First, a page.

Now I know what you are thinking. You must be living on the cheap right now. The in-laws are paying the mortgage. They have so much food that you barely need to buy anything at all. My parents took me out to eat while they were here and I saved leftovers from that. Neighbors kept bringing over the best corn-on-the-cob. Bring water, milk (any kind), and sugar to a boil, add husked corn and turn off heat. Cover for 10 minutes. The best!

On budget? Wrong. It costs $3-4 for a single bell pepper and I put those suckers in everything! The USA is whiskey territory. $50 for a large bottle. Eggs. You want eggs? $7 for a dozen of the tasty kind. One whole chicken costs about $15 here. I have spent more moneys per month this trip and I’m not even paying rent. It’s crazy.

I’m even doing all the coupon cutting and searching around for good deals. One grocery store was giving out coupons for 10% off groceries if you use them for vaccinations. We all got all the vaccines! I also discovered that my typhoid vaccine was overdue, so I got that as well. Salmonella typhi is not uncommon in the Caribbean and Central America. No dying!

Alice in Wonderland type mushroom
One more mushroom from the Pacific Northwest. No eating! No dying!

Finally, let’s get to the good stuff… septic woes

Okay, okay, remember that whole story I told you about the septic system going bad and getting fixed right before my parents came into town? I got really lucky with that one. Soon after Mr. ItchyFeet’s parents returned from their epic RV adventures, the septic alarm went off again. The alarm that means the tanks are full and you can no longer put any liquids… or solids… down the drains. Sigh.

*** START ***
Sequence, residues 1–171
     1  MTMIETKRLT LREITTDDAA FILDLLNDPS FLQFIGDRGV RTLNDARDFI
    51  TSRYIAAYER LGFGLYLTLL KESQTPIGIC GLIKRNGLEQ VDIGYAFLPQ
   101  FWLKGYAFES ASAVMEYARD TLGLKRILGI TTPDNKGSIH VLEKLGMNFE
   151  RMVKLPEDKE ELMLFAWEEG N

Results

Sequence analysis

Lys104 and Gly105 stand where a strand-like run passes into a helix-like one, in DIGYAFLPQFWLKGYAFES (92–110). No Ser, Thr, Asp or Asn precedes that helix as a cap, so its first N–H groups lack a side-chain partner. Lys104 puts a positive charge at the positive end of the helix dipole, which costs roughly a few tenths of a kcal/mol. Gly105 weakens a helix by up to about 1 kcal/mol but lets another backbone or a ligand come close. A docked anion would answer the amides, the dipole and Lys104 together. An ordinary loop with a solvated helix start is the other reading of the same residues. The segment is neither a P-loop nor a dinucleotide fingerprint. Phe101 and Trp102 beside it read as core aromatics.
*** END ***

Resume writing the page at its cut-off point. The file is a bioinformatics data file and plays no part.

It begins. And of course it’s a Friday night with a holiday on Monday. Of course it is! I got out the bucket for the kitchen sink. We called all the neighbors to ask to use bathrooms and showers and such. We started peeing behind the shed or over the side of the deck. The in-laws let me know that the sink outside did not connect to the septic and the grey water ran into the ground so we could use it. WTF! You tell me this now! I went a whole week trying to figure out how to set up a sink outside. That sink made dishes a bit easier, but still an enormous pain. I already miss the dishwasher!

Holes in yard to repair septic
This is just one of several holes in the yard to repair the septic drain field. Not as costly as anticipated.

We thought the brand new pump must have gone down the crapper (see what I did there!?!). But, it turns out the drain field was clogged up. That repair can get into the many thousands of dollars. I told my in-laws not to use the guy that I had hired to replace the pump, as he was super flaky. They found this other dude who (along with his son) ripped up the yard with a fancy earth mover in no time. This was after my poor father-in-law spent many hours trying to dig out the pipes with a shovel.

And you know this all happened like the day after he spent hours spreading compost and re-seeded the lawn. That lawn is all gone. However, it only took them four days to almost completely fix the drain field. Those drain field repairs can take weeks, so we were all really happy. Plus, the cost was going to be only a couple thousand dollars. Not as bad as it could be. Then a wet spot appeared in the yard. Now they have to re-dig it up again. FFS. No worries. We can still use the dishwasher and flush the toilets. Indoor plumbing is the best!

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1 Comment

  1. Great stories, wishing you safe, fun adventures in your new home.